Out of 2nd Ave.’s tragic rubble, a happy cat tale

Downtown Express photo by Bob Krasner Lulu, who was saved.

Downtown Express photo by Bob Krasner
Lulu, who was saved.

BY YVONNE COLLERY    |  Do miracles come in clumps, like M15 buses? They do.

After the remarkable return of Laszlo — my cat who was missing after the fatal Second Ave. gas explosion March 26 — I was still praying for a second miracle, as I couldn’t stop thinking about Lulu and the terror that she must be living through. As of April 1, a full week had gone by since the fire, and I knew that even if Lulu were somewhere inside my apartment at 125 Second Ave., time was running out. Lulu is a tiny cat and she was already a full week without food or water.

Most of my neighbors in my building got the go-ahead to go back into their apartments last Wednesday for the first time. My neighbor Bob called me at 2:20 p.m. and told me that we could go into our apartments and stay until 3 p.m. I was only a block away, and I eagerly scampered to the corner of St. Mark’s Place and Second Ave. where Office of Emergency Management personnel would take me to my building.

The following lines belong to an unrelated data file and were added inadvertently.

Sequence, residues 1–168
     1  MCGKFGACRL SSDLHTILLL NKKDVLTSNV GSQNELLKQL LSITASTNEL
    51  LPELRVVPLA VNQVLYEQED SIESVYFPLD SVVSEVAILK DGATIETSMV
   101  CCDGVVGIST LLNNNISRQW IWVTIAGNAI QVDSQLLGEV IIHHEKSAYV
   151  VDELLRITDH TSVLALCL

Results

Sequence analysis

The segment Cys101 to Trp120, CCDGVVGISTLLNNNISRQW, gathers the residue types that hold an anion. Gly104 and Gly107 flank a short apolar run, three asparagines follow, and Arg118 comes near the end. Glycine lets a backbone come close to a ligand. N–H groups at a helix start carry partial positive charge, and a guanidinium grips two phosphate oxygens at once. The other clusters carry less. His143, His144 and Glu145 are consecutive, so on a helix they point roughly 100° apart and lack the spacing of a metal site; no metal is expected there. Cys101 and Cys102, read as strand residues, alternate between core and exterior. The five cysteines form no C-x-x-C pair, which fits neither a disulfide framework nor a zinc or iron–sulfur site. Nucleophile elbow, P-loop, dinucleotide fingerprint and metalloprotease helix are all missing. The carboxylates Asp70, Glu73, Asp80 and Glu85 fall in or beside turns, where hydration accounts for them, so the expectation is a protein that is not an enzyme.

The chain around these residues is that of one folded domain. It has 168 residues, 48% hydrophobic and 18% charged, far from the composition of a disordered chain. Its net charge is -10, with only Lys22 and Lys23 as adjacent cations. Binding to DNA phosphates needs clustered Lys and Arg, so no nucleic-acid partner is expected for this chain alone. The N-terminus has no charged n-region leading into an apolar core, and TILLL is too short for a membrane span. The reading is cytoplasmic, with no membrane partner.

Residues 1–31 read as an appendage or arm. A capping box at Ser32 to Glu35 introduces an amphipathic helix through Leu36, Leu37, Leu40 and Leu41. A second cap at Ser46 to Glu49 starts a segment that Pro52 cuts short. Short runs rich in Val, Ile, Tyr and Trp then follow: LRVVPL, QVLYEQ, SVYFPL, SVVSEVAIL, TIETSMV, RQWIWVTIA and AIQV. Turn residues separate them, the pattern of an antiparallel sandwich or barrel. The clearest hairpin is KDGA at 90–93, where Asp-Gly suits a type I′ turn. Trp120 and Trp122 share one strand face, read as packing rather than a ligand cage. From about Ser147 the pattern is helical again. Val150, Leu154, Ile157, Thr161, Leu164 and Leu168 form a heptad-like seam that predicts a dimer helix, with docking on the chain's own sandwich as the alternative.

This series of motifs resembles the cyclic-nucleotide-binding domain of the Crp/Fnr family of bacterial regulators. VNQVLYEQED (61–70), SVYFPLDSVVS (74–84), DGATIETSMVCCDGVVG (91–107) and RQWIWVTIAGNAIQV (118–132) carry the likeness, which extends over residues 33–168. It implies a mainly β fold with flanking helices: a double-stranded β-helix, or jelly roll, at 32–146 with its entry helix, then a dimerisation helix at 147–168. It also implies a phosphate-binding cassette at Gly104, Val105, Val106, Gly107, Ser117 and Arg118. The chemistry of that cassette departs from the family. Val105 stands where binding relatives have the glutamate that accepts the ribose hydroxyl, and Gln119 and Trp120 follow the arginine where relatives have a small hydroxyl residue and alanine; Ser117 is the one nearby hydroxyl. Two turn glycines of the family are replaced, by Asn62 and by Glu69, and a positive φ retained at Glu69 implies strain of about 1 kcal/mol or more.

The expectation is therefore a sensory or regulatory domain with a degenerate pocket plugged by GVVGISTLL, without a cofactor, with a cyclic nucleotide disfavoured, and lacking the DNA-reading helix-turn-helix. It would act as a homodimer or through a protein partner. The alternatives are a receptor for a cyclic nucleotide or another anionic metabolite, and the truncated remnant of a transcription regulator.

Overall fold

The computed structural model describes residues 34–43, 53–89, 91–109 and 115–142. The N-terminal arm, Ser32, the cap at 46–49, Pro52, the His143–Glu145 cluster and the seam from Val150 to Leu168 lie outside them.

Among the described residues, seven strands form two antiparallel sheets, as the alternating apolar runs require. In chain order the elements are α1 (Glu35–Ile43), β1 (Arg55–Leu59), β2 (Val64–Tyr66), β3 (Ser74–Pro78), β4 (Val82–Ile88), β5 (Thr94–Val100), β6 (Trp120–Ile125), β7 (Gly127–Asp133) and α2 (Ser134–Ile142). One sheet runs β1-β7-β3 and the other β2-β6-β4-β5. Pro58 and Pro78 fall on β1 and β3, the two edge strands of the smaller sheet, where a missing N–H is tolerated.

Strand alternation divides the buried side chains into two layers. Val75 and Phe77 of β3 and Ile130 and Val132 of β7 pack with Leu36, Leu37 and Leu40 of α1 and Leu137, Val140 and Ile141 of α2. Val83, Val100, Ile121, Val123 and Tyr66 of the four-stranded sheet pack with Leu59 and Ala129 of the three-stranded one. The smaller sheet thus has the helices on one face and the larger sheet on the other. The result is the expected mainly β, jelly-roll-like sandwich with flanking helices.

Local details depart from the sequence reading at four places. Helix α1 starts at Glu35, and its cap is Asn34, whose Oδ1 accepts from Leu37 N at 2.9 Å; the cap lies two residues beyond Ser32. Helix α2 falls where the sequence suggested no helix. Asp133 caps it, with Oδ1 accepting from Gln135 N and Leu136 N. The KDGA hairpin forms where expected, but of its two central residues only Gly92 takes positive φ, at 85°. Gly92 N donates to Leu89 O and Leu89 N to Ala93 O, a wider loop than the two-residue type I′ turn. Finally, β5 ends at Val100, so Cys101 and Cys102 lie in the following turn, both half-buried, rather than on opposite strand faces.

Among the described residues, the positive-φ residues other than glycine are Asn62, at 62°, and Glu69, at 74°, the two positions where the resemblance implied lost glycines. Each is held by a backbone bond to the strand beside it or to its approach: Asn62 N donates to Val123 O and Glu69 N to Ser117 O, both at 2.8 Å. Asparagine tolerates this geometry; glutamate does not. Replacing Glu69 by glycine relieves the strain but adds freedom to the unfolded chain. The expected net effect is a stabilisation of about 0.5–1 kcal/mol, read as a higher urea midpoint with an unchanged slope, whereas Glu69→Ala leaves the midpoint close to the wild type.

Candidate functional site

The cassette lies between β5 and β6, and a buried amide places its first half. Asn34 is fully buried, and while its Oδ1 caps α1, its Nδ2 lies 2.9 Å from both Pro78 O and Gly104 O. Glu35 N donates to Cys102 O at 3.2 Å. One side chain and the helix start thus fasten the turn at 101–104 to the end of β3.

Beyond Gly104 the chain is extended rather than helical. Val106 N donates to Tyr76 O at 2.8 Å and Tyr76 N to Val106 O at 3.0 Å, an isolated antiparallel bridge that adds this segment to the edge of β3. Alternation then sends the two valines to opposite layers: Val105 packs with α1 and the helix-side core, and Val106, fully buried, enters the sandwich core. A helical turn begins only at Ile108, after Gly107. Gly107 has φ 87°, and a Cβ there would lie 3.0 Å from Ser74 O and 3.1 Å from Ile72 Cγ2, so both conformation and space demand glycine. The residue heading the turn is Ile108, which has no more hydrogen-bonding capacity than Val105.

Downtown Express photo by Lincoln Anderson The body of Nicholas Figueroa, 23, was found in the debris at E. Seventh St. and Second Ave. March 29, three days after a gas explosion. He and Moises Lucon, 26, were killed.

Downtown Express photo by Lincoln Anderson
The body of Nicholas Figueroa, 23, was found in the debris at E. Seventh St. and Second Ave. March 29, three days after a gas explosion. He and Moises Lucon, 26, were killed.

I showed my ID but someone from the city Office of Emergency Management informed me that my apartment was not on the list since it was still too unsafe to enter. O.E.M. informed me that it would probably be several more days at least until my apartment would be on the safe list.

I was as frantic as a mother cat — I needed to get into my apartment if I had any hope of ever seeing my Lulu again. I knew that she was in a desperate situation and that time was running out.